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Carrots 101: Nutrition Facts and Health Benefits

Carrots Shidonna Raven Garden and Cook

Source: Healthline
The carrot (Daucus carota) is a root vegetable often claimed to be the perfect health food.

It is crunchy, tasty, and highly nutritious. Carrots are a particularly good source of beta carotene, fiber, vitamin K1, potassium, and antioxidants (1Trusted Source).

They also have a number of health benefits. They’re a weight-loss-friendly food and have been linked to lower cholesterol levels and improved eye health.

What’s more, their carotene antioxidants have been linked to a reduced risk of cancer.

Carrots are found in many colors, including yellow, white, orange, red, and purple.

Orange carrots get their bright color from beta carotene, an antioxidant that your body converts into vitamin A.

This article tells you everything you need to know about carrots.

Nutrition facts

Carrots’ water content ranges from 86–95%, and the edible portion consists of around 10% carbs (1Trusted Source2Trusted Source).

Carrots contain very little fat and protein (3Trusted Source).

The nutrition facts for two small-to-medium raw carrots (100 grams) are:

  • Calories: 41
  • Water: 88%
  • Protein: 0.9 grams
  • Carbs: 9.6 grams
  • Sugar: 4.7 grams
  • Fiber: 2.8 grams
  • Fat: 0.2 grams

Carbs

Carrots are mainly composed of water and carbs.

The carbs consist of starch and sugars, such as sucrose and glucose (1Trusted Source).

They are also a relatively good source of fiber, with one medium-sized carrot (61 grams) providing 2 grams.

Carrots often rank low on the glycemic index (GI), which is a measure of how quickly foods raise blood sugar after a meal.

Their GI ranges from 16–60 — lowest for raw carrots, a little higher for cooked ones, and highest for puréed (45Trusted Source).

Eating low-glycemic foods is linked to numerous health benefits and considered particularly beneficial for people with diabetes (6Trusted Source7Trusted Source).

Fiber

Pectin is the main form of soluble fiber in carrots (8).

Soluble fibers can lower blood sugar levels by slowing down your digestion of sugar and starch.

They can also feed the friendly bacteria in your gut, which may lead to improved health and decreased risk of disease (9Trusted Source10Trusted Source11Trusted Source).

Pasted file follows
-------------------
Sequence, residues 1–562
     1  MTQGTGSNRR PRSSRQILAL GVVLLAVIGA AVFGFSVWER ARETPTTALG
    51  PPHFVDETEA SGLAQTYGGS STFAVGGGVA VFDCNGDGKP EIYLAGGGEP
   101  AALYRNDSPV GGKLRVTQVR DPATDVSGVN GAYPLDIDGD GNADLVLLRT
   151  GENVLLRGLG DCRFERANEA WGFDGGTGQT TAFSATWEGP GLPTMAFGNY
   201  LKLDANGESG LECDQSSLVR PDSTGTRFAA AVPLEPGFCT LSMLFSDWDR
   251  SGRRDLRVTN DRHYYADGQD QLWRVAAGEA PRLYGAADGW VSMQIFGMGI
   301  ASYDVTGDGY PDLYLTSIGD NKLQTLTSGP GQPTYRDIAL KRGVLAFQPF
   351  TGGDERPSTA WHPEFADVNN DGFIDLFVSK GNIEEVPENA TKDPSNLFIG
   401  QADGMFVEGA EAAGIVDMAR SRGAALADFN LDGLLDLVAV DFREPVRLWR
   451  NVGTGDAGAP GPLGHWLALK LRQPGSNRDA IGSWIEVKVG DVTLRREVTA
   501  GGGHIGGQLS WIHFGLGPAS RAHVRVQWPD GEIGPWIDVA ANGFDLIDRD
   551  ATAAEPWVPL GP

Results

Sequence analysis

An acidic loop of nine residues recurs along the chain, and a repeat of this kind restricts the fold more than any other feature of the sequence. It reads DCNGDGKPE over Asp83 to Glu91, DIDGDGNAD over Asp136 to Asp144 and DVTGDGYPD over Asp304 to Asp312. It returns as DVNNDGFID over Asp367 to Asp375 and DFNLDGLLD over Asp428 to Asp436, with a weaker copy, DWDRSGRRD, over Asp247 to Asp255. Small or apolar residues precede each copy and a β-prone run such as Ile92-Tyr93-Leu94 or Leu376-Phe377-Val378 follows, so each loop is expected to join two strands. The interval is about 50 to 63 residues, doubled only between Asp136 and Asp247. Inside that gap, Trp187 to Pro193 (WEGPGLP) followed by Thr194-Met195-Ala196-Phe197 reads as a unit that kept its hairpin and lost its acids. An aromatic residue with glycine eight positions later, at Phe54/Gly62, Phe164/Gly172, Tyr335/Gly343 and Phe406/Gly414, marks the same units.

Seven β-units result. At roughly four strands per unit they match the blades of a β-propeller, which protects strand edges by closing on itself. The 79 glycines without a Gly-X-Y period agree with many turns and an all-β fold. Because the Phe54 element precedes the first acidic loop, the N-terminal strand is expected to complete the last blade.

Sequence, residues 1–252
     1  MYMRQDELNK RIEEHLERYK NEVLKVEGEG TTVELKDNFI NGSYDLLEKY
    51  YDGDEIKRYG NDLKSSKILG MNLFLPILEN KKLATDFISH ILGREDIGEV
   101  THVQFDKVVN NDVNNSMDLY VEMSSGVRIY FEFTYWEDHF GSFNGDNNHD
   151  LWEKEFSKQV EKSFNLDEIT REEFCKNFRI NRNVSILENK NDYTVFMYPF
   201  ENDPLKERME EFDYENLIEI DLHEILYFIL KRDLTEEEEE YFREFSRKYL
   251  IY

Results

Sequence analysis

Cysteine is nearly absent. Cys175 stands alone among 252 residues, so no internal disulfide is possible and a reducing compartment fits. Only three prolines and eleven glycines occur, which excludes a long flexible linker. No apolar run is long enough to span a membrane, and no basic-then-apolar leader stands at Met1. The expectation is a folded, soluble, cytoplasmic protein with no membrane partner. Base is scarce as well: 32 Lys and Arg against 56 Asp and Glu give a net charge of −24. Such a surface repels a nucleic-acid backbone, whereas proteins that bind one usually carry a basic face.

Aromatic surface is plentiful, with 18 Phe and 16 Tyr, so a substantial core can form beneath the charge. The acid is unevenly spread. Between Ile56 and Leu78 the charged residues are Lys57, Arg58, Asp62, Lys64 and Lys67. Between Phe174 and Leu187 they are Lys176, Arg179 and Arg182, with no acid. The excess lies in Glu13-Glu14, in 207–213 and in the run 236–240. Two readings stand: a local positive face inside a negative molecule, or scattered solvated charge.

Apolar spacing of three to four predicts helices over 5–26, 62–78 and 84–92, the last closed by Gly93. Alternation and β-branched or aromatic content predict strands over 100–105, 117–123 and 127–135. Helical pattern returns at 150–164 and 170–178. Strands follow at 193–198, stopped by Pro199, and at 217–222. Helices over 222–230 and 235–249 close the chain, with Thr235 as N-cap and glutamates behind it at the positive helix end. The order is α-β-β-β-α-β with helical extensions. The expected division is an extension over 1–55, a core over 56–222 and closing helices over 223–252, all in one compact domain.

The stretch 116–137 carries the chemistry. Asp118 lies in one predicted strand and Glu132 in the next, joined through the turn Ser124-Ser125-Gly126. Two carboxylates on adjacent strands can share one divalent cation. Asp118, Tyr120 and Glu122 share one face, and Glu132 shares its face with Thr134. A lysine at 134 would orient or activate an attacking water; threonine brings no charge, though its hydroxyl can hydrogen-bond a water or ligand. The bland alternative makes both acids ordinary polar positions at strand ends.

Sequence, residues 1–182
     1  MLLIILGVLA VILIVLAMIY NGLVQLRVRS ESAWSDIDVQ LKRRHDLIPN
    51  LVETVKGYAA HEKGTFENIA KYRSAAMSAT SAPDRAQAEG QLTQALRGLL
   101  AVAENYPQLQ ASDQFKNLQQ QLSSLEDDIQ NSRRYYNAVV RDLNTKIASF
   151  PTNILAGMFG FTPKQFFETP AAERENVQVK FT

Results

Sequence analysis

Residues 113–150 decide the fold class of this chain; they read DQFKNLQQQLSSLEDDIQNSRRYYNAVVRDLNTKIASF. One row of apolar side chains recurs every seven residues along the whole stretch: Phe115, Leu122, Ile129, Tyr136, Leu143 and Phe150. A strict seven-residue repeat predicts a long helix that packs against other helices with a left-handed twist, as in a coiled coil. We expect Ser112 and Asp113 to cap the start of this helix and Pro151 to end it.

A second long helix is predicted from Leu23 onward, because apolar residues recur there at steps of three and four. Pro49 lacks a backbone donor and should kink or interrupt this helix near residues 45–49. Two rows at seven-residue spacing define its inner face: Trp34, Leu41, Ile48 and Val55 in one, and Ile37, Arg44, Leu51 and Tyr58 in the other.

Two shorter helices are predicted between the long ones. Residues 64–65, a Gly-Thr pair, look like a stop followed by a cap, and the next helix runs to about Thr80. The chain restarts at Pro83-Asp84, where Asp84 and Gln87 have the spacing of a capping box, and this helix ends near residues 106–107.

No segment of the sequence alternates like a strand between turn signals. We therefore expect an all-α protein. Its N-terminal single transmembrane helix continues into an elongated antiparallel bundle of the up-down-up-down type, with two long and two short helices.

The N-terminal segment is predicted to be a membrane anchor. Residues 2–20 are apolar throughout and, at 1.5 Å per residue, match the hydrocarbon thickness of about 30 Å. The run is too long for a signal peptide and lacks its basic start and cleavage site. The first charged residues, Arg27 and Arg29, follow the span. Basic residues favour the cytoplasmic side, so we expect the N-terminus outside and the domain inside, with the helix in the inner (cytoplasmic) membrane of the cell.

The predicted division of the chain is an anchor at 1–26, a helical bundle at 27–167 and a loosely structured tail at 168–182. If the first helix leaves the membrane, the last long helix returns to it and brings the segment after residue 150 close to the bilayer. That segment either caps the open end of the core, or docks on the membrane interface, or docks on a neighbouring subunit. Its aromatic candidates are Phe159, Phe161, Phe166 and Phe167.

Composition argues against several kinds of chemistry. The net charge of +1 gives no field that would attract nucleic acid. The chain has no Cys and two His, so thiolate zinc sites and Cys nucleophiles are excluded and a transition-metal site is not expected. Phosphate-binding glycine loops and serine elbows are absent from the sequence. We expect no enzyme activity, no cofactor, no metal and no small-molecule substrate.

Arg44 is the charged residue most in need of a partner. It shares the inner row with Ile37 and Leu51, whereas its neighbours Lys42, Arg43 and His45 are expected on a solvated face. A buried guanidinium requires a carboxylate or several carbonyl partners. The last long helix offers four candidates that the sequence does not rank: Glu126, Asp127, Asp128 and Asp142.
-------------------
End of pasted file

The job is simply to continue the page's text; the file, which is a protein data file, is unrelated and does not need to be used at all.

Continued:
What’s more, certain soluble fibers can impair the absorption of cholesterol from your digestive tract, lowering blood cholesterol (12Trusted Source13Trusted Source).

The main insoluble fibers in carrots are cellulose, hemicellulose, and lignin. Insoluble fibers may reduce your risk of constipation and promote regular bowel movements (1Trusted Source14).

SUMMARY

Carrots are about 10% carbs, consisting of starch, fiber, and simple sugars. They are extremely low in fat and protein.

Vitamins and minerals

Carrots are a good source of several vitamins and minerals, especially biotin, potassium, and vitamins A (from beta carotene), K1 (phylloquinone), and B6.

  • Vitamin A: Carrots are rich in beta carotene, which your body converts into vitamin A. This nutrient promotes good vision and is important for growth, development, and immune function (15Trusted Source).
  • Biotin: A B vitamin formerly known as vitamin H, biotin plays an important role in fat and protein metabolism (16Trusted Source).
  • Vitamin K1: Also known as phylloquinone, vitamin K1 is important for blood coagulation and can promote bone health (17Trusted Source18).
  • Potassium: An essential mineral, potassium is important for blood pressure control.
  • Vitamin B6: A group of related vitamins, B6 is involved in the conversion of food into energy.

SUMMARY

Carrots are an excellent source of vitamin A in the form of beta carotene. They are also a good source of several B vitamins, as well as vitamin K and potassium.

Other plant compounds

Carrots offer many plant compounds, including carotenoids.

These are substances with powerful antioxidant activity that have been linked to improved immune function and reduced risk of many illnesses, including heart disease, various degenerative ailments, and certain types of cancer (1Trusted Source).

Beta carotene, the main carotene in carrots, can be converted into vitamin A in your body.

However, this conversion process may vary by individual. Eating fat with carrots can help you absorb more of the beta carotene (19Trusted Source).

The main plant compounds in carrots are:

  • Beta carotene: Orange carrots are very high in beta carotene. The absorption is better (up to 6.5-fold) if the carrots are cooked (20Trusted Source21Trusted Source22Trusted Source).
  • Alpha-carotene: An antioxidant that, like beta carotene, is partly converted into vitamin A in your body.
  • Lutein: One of the most common antioxidants in carrots, lutein is predominantly found in yellow and orange carrots and is important for eye health (23Trusted Source).
  • Lycopene: A bright red antioxidant found in many red fruits and vegetables, including red and purple carrots, lycopene may decrease your risk of cancer and heart disease (24Trusted Source).